1. My relationship with my money is good, I do what I can with what I have. I could save more but for the moment it seems to be what I can do. I start small but it will growth over time.

    I could maybe use more advise on saving in couple with one that learned to spend a lot since he/she is young.

    Reply
  2. Ah yes, that old adage about knowing then what I know now. It’s too late for me to change my ways to any great extent. Thankfully I got lucky and did a few things right when I was young. Time does help to reduce the effects of some mistakes when it comes to investing. I also don’t beat myself up over some things. Considering the changes in finances over the years there are some things that just either didn’t exist or couldn’t be done when I started out. Remember when we had to buy stocks in board lots through a stock broker?

    I think you’re lucky that you only had seven bad behaviours. I’m considerably higher than that. 😉

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  3. Good Post Mark.
    I agree. For people who know what needs to be done – the fight is all about behavioural in my opinion.
    I do find however, that there are a LOT of people that really have no idea and simply expect the future to work out for them somehow.

    Reply
    1. Personal finance and the relationship with money is absolutely a behavioural battle through and through. I find it challenging myself from time to time but I know I need to stick to my plan.

      I can’t imagine letting just “nature take its course” with me…

      Thanks for your comment.
      Mark

      Reply
  4. While I enjoyed economics in University I always struggled with what I learned as the majority of models pre-supposed that people are rational individuals who would make rational choices. When it comes to money it really does not appear to be the case for the majority (I did find out about behavioural economics, but much later).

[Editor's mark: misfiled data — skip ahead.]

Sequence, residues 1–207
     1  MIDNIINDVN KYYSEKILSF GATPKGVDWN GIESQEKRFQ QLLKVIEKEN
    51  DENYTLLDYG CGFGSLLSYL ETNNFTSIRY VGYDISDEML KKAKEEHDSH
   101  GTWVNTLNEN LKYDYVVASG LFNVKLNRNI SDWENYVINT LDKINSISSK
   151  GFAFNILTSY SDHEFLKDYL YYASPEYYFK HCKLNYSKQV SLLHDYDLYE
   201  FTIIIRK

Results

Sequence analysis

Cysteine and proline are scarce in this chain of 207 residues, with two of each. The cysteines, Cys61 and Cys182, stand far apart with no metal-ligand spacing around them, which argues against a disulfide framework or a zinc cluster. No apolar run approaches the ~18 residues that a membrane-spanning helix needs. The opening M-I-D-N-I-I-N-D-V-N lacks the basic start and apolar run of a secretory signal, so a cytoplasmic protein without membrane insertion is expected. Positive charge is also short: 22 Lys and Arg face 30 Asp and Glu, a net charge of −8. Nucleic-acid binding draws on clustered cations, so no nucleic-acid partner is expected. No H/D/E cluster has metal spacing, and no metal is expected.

While my knowledge about budgeting and finances has grown in leaps and bounds I am ready for the next step of investing. Specifically, I would like to start with investing for my daughter’s RESP. Any chance you might interview Mike Holman who wrote “The RESP Book”? Or have a book giveaway?

    Great post as usual! Thanks Mark

    Reply
    1. It sounds like you are Heather. Kudos to you. I’ve been meaning to reach out to Mike and interview him, so I’ll do that this weekend and see what I can do to post something with him (if he’s open to that) and of course giveaway a few copies of his book. Thanks for the idea for content 🙂

      Mark

      Reply
  5. I’ve been reading your weekly emails for a couple of months now. On your recommendation, I just read “The Millionaire Teacher” and am going to read the 2nd edition which includes a chapter on “robo-advisors”. I already follow everything you say in this post: save lots, I’m debt free, RSP and TFSA maxed. I need to reduce fees: currently I’m working on getting rid of my mutual funds (two at 2.4% and one at 1.9%) to reduce my fees, and want to be a bit more pro-active investing my term deposits (earning very little). So I need to shift about $100,000, however, though I know I need to invest in ETFs, there are still a number of choices I’m having a hard time making. So here’s how I see my choices: (1) Use a discount brokerage and follow Andrew Hallam’s formula; (2) Invest with a robo-advisor; (3) Index funds (Tangerine or TD e-Series). My other concern is that with markets so high, is now a good time to invest $100K all at once?

    Reply
    1. I forget which book I read this in (might have been Millionaire Teacher) but you have a 60% statistical chance of achieving higher return by investing earlier than later, i.e. one lump sum. In terms of the market being too high – look at it this way. Unless your money is currently sitting in cash under your mattress, chance are the equities you own are also valued high. So you sell high and buy high. Should be a wash… Tangerine is a great option but I personally consider fees of 1.05% a little too high. However, for someone with less experience in trading and less knowledge on using trading platforms etc… it’s probably your best option. Good luck!! Feel free to reach out to anyone on here, always someone ready to help out 🙂

      Reply
      1. What about “robo-advisors”? Cheaper than Tangerine, which did seem expensive, relatively speaking. WealthSimple or WealthBar for example. I have looked into QTrade, but not sure if what I what I would save would make it worth if for me (with zero experience) in comparison to a robo-advisor.